How to Place a Bet

By Mikaela Lefrak

There are few people as excited about the logistics of gambling as Frank Shorr.

Sure, there are millions of people who love betting on horse races, but that’s not what I’m talking about. I’m talking about a love of the wheres and whens and hows — how a guy called a pari-mutuel clerk standing behind the betting counter at the racetrack determines whether you go home richer or poorer that day.

Shorr used to go to the racetrack all the time as a kid, but he wasn’t much interested in the usual stuff: the gambling, the horses, even the beer.

I’ll let him explain:

For most of his adult life, Shorr was a TV producer. After winning a bunch of awards, he switched over to academia, and now teaches sports journalism at Boston University. Normally, his summertime gig is to lead a sports reporting institute at BU. But one year, in the late 2000s, he found out the institute wasn’t going to run because of an enrollment shortage.

Faced with a summer of nothing, Shorr called up an old friend, Chip Tuttle, the CEO of Suffolk Downs racetrack. He needed an answer to the question that kept running through his brain:

Shorr is a sports broadcaster by trade, and he looks the part.

Frank Shorr in his office at Boston University. Mikaela Lefrak, 3 Dec 2014.

The salt-and-pepper hair and strong jawline are evolutionary evidence of man’s ascendancy towards prime time. His shirts are always crisp, and accompanied by an attention-grabbing tie. Every time I see him, I get an strange hankering to go watch ESPN.

But for a man with a big TV smile and a bevy of professional accolades, fitting in at his new job at the track wasn’t exactly easy.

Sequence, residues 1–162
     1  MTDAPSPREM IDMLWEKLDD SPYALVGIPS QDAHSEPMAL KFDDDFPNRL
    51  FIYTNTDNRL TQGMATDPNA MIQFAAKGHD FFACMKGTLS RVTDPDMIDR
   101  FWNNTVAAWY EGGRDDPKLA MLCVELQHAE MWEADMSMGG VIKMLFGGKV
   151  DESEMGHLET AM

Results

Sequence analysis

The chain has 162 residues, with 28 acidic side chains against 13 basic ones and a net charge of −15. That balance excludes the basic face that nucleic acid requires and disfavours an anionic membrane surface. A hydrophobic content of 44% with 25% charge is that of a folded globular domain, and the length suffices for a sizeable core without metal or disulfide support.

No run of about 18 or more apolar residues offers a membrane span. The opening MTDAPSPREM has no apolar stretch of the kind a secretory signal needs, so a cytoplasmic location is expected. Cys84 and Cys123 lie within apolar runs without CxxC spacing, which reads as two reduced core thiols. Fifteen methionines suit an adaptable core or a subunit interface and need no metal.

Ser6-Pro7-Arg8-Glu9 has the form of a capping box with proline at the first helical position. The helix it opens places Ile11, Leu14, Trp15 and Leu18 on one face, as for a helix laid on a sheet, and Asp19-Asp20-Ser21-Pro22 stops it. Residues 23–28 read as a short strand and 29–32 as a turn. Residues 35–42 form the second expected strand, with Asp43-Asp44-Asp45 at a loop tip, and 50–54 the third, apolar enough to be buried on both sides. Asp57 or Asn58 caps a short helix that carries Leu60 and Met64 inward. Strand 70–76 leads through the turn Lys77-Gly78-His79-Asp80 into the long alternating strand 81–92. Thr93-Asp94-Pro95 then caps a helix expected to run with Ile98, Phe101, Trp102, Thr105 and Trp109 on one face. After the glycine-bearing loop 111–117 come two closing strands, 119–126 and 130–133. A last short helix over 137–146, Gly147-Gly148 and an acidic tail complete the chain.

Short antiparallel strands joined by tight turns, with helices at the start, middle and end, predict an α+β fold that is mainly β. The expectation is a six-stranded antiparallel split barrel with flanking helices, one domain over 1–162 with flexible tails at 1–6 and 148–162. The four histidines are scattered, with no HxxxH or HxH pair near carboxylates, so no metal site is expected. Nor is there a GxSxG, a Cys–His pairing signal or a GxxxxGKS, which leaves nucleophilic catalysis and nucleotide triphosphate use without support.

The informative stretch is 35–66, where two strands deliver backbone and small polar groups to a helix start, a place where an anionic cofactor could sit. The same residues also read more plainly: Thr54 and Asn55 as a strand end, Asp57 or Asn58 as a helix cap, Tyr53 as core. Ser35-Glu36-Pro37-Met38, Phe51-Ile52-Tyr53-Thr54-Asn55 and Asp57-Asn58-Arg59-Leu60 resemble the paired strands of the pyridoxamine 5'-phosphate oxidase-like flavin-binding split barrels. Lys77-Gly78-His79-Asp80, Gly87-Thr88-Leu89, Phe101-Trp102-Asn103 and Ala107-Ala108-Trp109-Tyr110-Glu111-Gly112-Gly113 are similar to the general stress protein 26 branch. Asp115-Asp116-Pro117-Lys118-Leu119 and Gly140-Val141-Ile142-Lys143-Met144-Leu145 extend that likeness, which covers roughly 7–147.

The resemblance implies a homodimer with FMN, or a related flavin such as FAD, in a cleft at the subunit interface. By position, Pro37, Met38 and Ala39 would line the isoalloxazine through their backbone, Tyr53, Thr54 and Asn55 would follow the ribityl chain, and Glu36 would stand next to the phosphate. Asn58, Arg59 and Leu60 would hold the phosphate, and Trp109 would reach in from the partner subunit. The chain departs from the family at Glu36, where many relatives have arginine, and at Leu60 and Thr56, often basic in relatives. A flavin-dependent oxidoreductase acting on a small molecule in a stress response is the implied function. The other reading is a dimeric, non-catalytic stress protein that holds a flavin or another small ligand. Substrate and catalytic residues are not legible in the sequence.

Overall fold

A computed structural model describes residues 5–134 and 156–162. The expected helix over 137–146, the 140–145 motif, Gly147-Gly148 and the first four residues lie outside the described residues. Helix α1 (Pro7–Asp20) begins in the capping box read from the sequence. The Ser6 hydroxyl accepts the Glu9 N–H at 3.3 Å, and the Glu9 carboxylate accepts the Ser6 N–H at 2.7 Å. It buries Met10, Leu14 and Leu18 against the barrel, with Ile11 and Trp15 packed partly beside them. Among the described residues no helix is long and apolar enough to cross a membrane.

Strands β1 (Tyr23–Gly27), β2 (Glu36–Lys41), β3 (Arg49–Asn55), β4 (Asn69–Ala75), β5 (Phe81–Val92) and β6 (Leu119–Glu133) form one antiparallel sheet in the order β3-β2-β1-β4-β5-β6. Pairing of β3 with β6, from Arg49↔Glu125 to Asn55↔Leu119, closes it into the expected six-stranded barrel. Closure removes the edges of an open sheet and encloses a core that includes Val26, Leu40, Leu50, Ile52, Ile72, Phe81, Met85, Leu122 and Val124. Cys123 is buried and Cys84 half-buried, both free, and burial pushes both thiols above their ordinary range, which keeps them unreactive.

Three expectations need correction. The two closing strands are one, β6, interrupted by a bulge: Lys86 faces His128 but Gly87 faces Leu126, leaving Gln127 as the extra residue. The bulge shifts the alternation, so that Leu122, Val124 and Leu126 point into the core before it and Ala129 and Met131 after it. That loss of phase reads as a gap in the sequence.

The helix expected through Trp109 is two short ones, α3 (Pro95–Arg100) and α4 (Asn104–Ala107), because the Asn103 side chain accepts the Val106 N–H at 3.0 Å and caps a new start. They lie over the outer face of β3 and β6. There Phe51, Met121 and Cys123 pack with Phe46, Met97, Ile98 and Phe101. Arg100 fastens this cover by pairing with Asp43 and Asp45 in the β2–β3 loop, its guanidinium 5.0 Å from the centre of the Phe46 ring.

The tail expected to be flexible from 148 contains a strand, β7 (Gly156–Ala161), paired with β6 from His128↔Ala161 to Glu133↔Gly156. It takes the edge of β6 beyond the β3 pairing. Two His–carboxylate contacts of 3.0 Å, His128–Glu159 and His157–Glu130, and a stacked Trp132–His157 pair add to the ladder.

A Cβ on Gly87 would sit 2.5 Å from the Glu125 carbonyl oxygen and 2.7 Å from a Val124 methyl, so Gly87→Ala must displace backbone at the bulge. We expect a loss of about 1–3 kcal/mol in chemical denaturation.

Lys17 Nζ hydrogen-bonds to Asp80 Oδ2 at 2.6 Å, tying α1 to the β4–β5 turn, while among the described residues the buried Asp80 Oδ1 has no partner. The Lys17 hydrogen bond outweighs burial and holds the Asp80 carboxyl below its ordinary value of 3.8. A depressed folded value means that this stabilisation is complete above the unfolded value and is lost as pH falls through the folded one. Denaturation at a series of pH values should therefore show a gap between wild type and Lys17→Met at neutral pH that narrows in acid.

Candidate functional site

After six seasons at the track, the gig came to an abrupt end. Suffolk Downs is in the process of closing, and part-time employees, like Shorr, are no longer getting assigned any work hours.

The full-timers are trying desperately to find new jobs. After the track lost its casino bid in September, reps from Target and Market Basket came by to drop off applications. Some people got jobs, but many are still looking.

Parimutuel clerks have a strange power at a racetrack. They know all the big gamblers, they’ve heard all the theories about how to spot a lucky horse, and they have their hands on the money, all day long.

Betters line up at the windows at Suffolk Downs. Courtesy of the Boston Public Library, Leslie Jones Collection, 1950's.

With access comes responsibility. There’s only a couple of minutes between races, and the clerks have to serve a line of customers with lots of demands: $2 to win on number 4 at Saratoga, $50 trifecta key on 1 with 4 and 8 at Suffolk Downs.

If you mess up — punch in the wrong horse’s number, or don’t get the bet in before the deadline—you have to deal with a very angry customer and his empty wallet. And if the money’s counted wrong and you come up short at the end of the day, the difference comes straight out of your wages.

Despite all that — the high stress, the low wages, the even lower recognition — clerking is, for many, a job for life. Or, as, Shorr puts it:

Bonus Track: If you want to hear more from Frank Shorr, take a listen to this story about one of of the biggest tips he ever got:

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